I’ve consuted with a few people, and it would be cheap to do. I’ve always been a DIY kind of person, so I have no issues with remodeling.
The good news is the electricity, water, and propane are cheap. I use about $5 for each utility each month. Another person, bigger fridge, etc. will increase costs, but I still predict low expenses if you’re energy conscious.
Also, each bedroom is at least 200 square feet. The place really is spacious and bright.
If it turns out we both think living here long-term is possible, I think installing a wood-burning stove is a good idea. I really want to poke around and see if there’s decent thrift or junk shops that might have old furnishings to refurbish, too.

I should make it clear, each bedroom is 200 ft square minimum. One is square, one is rectangular (pictured). One shared bathroom with shower, but I wouldn’t mind getting a tub if we agree. There is a pantry/laundry room next to the kitchen, and two living or dining areas, plus that gap over by the stairwell.

Scale: Each floor tile is 11 and 1/4" on each side.


#2

I hope your search goes well. I’ve never been, but I hear the local barbecued iguana is delish!


#3

You know, I really dont know if that’s a real thing here, but here’s what’s nearby…
There’s a pollo asado guy who sells roast chickens with trimmings and corn tortillas. He also sells flats of eggs and bags of flour tortillas.
There are three supermarkets in the immediate vicinity, and three convenience stores (2 are 24 hrs, one is a bodega). There’s also a meat market and a bread and a pastry shop that makes good donuts, cake, and cheesecake. A 1/4 mile away is a great cheese shop.
Most food is generally half or sometimes less than in the States, but it also follows general tastes. Hot sauce, beans, tortillas are easy to find, but I have yet to find a store that sells Miracle Whip. I have no idea if it’s something to do with Kraft Foods or if people here just don’t like it.
General produce, bread, dairy, dry and canned goods, beer, and liquor (typically tequila or rum) are available.
There are two pizza places nearby, one decent, one horrible. Go a little further, and there’s one that’s on par with Domino’s and Papa John’s.
There are two hamburger/hot dog places. One sells them “torta” style for Mexican tastes, the other sells them artisinally, like a pub - and the guy makes good seasoned french fries. There’s also a sushi/teriyaki place that sells rolls and bowls generally made with chicken or pork.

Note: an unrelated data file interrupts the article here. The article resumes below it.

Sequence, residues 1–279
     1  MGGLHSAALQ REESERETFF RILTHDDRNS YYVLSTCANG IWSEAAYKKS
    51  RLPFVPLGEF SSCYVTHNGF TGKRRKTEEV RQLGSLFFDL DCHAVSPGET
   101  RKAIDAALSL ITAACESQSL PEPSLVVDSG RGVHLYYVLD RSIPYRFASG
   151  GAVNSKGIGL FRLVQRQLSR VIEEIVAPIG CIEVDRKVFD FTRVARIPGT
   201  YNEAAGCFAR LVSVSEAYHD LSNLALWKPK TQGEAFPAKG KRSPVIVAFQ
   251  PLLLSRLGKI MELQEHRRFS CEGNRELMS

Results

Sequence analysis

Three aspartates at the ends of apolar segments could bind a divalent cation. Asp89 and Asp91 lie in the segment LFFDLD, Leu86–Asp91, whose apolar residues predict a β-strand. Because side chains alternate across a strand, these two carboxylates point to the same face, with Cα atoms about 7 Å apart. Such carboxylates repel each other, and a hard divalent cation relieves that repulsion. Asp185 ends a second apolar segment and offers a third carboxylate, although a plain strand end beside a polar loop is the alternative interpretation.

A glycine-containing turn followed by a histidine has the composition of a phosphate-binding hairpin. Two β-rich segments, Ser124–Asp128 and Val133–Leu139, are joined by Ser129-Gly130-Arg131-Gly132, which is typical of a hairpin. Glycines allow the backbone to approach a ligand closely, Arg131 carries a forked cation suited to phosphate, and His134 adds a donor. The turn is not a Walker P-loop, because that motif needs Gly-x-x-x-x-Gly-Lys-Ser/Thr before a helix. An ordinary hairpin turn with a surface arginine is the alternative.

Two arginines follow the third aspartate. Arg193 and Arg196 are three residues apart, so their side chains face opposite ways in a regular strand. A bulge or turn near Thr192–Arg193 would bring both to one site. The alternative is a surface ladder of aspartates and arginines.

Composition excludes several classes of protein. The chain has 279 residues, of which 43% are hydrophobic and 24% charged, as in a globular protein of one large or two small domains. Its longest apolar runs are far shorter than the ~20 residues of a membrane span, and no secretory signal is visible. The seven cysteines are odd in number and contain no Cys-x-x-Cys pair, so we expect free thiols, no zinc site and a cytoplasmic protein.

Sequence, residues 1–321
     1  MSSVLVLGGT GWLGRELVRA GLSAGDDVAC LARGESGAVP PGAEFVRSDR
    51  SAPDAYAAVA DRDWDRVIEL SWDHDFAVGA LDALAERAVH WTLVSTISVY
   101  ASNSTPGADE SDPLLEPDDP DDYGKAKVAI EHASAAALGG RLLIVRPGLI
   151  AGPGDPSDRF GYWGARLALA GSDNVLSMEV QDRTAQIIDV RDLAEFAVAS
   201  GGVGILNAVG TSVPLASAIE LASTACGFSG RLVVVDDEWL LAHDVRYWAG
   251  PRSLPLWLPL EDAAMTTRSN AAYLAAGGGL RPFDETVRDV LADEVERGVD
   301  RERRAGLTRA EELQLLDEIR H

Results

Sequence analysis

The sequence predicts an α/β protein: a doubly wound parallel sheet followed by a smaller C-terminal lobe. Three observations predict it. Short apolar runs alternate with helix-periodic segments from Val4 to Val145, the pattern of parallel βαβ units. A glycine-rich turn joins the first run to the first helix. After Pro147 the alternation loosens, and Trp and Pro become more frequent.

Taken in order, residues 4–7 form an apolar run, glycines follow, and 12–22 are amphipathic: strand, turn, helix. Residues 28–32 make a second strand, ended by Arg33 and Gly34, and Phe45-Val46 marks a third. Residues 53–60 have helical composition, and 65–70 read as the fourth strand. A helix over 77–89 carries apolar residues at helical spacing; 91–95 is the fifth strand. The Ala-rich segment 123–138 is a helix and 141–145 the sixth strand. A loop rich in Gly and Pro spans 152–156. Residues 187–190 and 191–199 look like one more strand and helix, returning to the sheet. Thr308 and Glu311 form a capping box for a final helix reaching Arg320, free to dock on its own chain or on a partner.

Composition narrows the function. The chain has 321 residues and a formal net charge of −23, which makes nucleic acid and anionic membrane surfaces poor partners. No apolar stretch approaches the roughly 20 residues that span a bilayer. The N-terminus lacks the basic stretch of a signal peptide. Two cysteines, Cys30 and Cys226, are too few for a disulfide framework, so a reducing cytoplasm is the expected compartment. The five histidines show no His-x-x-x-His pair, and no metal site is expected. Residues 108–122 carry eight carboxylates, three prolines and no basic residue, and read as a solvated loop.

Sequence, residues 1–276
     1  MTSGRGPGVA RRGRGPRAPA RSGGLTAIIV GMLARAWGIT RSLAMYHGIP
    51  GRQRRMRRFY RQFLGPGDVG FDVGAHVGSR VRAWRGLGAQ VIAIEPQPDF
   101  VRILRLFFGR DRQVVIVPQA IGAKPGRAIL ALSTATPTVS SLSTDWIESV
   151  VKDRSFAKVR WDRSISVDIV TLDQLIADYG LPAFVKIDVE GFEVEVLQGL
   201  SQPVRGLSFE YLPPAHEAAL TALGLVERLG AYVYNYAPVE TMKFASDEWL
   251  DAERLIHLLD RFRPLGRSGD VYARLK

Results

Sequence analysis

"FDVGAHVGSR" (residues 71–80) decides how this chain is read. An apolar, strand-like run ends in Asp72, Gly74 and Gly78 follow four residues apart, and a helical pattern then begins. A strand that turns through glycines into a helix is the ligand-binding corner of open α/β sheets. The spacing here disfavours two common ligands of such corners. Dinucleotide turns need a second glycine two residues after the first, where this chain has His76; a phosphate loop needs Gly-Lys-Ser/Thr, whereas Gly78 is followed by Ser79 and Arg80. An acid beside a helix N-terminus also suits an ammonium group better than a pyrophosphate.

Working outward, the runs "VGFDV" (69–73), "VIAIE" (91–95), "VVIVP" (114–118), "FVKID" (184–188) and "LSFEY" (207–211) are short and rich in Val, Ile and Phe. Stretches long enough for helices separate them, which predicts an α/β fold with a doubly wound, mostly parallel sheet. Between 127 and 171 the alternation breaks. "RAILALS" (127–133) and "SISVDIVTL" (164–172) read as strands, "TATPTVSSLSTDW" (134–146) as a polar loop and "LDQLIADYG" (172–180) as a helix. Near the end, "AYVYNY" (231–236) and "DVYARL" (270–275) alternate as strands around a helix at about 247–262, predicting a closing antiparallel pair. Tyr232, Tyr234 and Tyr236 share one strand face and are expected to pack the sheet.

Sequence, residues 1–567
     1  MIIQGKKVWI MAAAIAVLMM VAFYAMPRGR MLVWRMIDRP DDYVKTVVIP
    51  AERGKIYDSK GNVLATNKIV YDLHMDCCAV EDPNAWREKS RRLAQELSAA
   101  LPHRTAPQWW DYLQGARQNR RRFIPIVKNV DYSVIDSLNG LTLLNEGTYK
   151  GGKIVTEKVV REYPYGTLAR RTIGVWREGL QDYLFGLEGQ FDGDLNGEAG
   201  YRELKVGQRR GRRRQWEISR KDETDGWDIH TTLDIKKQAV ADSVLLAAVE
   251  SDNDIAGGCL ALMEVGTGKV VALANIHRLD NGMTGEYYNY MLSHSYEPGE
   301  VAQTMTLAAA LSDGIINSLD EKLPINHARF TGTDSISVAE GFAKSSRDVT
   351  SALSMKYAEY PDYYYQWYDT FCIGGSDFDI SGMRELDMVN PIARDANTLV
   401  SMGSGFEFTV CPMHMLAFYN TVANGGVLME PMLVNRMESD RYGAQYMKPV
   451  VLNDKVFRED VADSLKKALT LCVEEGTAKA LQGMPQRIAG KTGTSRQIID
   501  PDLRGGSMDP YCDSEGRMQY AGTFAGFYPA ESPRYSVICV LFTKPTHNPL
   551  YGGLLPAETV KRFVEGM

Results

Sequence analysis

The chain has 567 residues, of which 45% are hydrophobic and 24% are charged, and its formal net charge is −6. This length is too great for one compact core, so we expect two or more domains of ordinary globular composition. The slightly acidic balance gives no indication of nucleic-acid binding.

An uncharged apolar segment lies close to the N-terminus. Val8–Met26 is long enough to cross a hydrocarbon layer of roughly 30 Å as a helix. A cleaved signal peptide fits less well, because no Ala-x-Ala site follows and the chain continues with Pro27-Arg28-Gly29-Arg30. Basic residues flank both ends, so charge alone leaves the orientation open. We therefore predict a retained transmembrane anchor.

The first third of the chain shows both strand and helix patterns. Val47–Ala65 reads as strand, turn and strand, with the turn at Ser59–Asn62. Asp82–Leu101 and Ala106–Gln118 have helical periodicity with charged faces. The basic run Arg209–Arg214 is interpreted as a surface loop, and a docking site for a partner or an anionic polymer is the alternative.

A few street vendors sell various things like tacos, burros, menudo and tortas. The thing with a torta is it’s sort of like a sandwich (emparedado), but typically a bread roll with refried beans, a mashed hard-boiled egg, or shredded meat.
A bus ride will get you to various plazas where you can find a good Chinese restauraunt (sorry, no dumplings, but take a friend - the servings are huge), bars, and movie theaters.

I also should point out I’ve seen some interesting stuff if one is willing to grab the “collectivo” minivan to other areas of the city. There’s an open-air produce market near downtown, an ice-cream chain that serves soft-serve cones, and plenty of U.S. chains like Chili’s, McDonald’s, Little Ceasar’s, Walmart, and Costco if that’s your thing.

Street vendors are everywhere! I’ve bought from produce vendors, a lady who makes and sells pancakes, a guy who slices and fries potato chips, and a candy vendor I meet every week crossing the bridge to the border who sells me chili lollipops.


#4

Radio, radio…


#5

I want to stress that I’m using bb to try and reach out further and more precisely than I could with my facebook contacts. I grew up in Kansas, and aside from a handful of friends I plan to reach out to personally, most of them just don’t get what I’m trying to do.
If you know anyone in your circles that thinks this would be an interesting adventure, please pass this along.


#6

I used to know folks who’d be up to it but my friends are a bit older now and more settled/risk averse (being old is annoying sometimes) but hope the search works out and I’ll keep it in mind. If you find someone maybe you could have a longer term goal of trying to get an artist colony going. Wonderful things often come out of those and the network effect tends to be of mutual benefit.